After winning The Singer/Songwriter Awards in the last quarter of 2008, Jesse Terry opted to work with We Are Listening’s accredited music supervisor and founder of Tinderbox Music, Jon Delange, as his prize package. With only ten copies of Jesse’s latest release, “The Runner”, Jon secured no less than nine network-sized television placement licenses on Jesse’s behalf, including MTV (Road Rules, The Real World, Road Rules Challenge, The Hills, The City, Human Giant, My Super Sweet Sixteen, Teen Cribs, Parental Control); E Network (Keeping Up With the Kardashians); and Oxygen Network (Bad Girls Club). The relative ease in which Jon placed “The Runner” is a reflection of Jesse’s adaptive songwriting style and compatibility with today’s leading pop-culture entertainment.

“Just got news that nine TV shows (including The Hills and The City) are interested in using music from my record. I am holding the licenses in my hand!! This is all possible because of We Are Listening and your investment in my career. I’m so grateful. I feel like things are really starting to line-up…” — Jesse

More Success Stories by We Are Listening.

YouLicense Private Label

Saturday, March 21st, 2009

YouLicense

YouLicense, the first online music licensing marketplace, released a product update last week detailing the launch of Private Label, a new service catering to YouLicense’s target customer base comprising of independent labels and enterprising artists.  Private Label is essentially a branded storefront, specifically developed for the streamlined procurement of synchronization and master use music licenses. This is a major turning point for YouLicense which, until now, has very much operated as a destination site and, arguably, the only standalone open marketplace for music licensing.  The company has already converted noteworthy distributors and labels including INgrooves, Big Fish Media, AWAL, MBop Digital, Dashgo, and Cyberset Records.  Private Label is currently in closed beta but interested parties can request an invitation here.

Related Post: Christmas Playlists from YouLicense.com

Music Placement

Sunday, February 8th, 2009

In September 2008, Billboard Magazine published a  list titled, “The 100 Best Ways For Your Music To Get Attention” which caught my attention this month when I received the top 20 from Peter Spellman‘s Music Biz Insight newsletter.  Note the volume of high profile opportunities in the licensing branch of the music industry as opposed to the more traditional sales and ticketing divisions which would have dominated this list through the 90′s:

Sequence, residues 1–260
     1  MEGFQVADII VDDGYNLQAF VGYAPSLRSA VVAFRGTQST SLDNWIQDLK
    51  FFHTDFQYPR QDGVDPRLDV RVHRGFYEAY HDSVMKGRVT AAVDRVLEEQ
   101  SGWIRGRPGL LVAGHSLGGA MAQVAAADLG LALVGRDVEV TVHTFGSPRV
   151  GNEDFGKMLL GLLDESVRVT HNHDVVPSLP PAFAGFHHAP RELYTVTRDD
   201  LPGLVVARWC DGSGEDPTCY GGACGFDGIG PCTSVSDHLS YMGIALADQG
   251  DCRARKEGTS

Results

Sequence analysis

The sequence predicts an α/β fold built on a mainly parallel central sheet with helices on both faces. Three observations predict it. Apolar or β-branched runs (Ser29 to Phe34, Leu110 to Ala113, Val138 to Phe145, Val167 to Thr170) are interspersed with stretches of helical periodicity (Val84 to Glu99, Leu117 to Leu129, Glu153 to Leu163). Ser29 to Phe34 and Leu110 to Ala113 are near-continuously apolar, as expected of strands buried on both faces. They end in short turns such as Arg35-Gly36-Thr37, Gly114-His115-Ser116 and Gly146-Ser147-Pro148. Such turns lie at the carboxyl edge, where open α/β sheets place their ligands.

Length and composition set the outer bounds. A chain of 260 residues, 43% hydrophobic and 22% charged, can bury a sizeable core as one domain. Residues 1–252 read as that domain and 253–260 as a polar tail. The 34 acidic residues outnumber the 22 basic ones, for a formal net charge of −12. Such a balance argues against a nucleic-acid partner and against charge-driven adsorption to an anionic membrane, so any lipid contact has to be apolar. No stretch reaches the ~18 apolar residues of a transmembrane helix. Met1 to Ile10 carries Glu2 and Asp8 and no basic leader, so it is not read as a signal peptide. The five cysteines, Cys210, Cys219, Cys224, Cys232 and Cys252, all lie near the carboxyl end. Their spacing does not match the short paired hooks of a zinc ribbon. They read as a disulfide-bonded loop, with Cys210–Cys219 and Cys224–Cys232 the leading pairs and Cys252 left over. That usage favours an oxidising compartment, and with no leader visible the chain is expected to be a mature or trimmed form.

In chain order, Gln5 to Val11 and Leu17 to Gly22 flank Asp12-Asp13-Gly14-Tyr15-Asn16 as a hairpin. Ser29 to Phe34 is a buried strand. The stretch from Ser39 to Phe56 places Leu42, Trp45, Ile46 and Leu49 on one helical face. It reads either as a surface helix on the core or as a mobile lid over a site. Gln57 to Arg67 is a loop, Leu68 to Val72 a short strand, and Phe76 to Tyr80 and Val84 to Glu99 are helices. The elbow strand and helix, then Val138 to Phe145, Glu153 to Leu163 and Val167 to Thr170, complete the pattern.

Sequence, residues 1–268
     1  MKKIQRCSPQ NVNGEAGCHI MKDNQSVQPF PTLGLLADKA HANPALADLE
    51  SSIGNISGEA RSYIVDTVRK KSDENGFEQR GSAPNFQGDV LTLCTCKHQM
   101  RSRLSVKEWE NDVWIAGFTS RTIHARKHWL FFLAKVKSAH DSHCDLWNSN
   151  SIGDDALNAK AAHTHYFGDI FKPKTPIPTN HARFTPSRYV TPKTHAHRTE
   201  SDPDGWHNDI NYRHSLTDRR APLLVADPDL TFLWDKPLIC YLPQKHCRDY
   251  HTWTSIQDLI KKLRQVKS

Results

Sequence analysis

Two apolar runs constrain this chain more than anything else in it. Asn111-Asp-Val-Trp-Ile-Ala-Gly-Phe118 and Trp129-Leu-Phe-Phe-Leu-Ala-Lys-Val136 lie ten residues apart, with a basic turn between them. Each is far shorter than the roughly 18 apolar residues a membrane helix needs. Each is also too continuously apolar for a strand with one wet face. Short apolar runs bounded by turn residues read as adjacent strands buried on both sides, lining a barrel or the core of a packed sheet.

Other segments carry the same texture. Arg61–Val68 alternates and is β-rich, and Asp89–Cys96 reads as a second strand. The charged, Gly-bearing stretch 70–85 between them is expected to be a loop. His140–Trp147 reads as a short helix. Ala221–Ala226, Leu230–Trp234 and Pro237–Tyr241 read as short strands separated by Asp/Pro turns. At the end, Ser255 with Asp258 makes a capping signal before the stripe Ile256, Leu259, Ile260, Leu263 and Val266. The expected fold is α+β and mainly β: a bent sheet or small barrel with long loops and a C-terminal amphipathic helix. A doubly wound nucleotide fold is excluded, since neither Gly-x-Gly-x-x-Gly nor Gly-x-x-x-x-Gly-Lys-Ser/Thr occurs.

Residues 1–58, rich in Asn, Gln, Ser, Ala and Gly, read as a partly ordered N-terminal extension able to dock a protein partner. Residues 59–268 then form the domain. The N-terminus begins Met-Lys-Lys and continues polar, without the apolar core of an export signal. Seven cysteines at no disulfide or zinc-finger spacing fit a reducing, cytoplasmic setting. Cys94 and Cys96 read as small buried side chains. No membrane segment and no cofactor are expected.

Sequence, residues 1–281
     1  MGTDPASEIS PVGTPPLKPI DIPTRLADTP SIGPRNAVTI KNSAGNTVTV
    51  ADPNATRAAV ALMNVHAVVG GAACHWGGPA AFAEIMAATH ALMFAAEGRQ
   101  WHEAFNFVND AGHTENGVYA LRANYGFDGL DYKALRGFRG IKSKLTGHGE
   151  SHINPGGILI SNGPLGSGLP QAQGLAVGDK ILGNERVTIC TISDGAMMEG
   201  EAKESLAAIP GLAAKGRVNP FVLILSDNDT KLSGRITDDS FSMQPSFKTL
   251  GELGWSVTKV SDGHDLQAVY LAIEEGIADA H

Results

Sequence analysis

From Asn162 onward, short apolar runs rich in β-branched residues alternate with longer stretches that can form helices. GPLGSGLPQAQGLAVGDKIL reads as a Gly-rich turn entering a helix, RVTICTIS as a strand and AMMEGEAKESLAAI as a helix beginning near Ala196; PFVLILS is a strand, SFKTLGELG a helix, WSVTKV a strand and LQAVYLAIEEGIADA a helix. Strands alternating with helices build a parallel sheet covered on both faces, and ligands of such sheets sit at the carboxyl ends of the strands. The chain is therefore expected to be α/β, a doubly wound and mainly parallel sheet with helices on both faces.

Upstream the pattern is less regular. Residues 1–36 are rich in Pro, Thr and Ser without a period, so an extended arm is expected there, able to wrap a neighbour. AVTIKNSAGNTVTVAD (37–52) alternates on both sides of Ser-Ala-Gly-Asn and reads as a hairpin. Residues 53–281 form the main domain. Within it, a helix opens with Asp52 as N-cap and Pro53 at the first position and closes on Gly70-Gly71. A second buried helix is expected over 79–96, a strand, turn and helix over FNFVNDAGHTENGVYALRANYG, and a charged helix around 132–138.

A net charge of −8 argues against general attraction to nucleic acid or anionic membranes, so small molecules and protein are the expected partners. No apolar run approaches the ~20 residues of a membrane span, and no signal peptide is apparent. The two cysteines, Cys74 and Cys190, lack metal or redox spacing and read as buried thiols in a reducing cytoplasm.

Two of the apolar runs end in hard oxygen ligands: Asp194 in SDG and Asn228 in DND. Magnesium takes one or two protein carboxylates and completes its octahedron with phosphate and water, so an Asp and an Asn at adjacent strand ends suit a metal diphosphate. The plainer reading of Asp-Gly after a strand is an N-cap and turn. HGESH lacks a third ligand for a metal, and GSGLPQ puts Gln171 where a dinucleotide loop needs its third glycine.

1. Placement in a television ad for Apple

2. Performance on Oprah (6.6 million viewership)

3. Placement in a television commercial that runs during a special event with significant viewership (97.5 million viewers for the 2008 Super Bowl, for instance)

4. Song Featured as iTunes “Free Single of the Week”

5. Song covered on American Idol (approx.  27 million viewers)

6. Placement in Activision’s “Guitar Hero” videogame (approx. 10 million unit sales)

7. Song placed during a hit movie’s opening credits

8. Placement in a heavy-rotation television commercial for Nike

9. Performance on Lollapalooza Main Stage

10. Placement in MTV’s “Rock Band” videogame (US sales total 3.4 million units to date)

11. Video on YouTube’s Most-Viewed Videos page for music (approx. 75 million unique visitors)

12. Cover editorial in Rolling Stone

13. Placement in Rockstar Games’ “Grand Theft Auto” (4.7 million unit sales and growing)

14. Placement on HBO’s “Entourage”

15. Video on the YouTube’s home page

16. Placement in ABC’s “Grey’s Anatomy”

17. Any single or video listed in the “Free on iTunes” section

18. Single played on Radio Disney (approx. 36.5 million listeners per week)

19. Performance on Bonnaroo’s What/Main Stage

20. Placement in CW’s “Gossip Girl”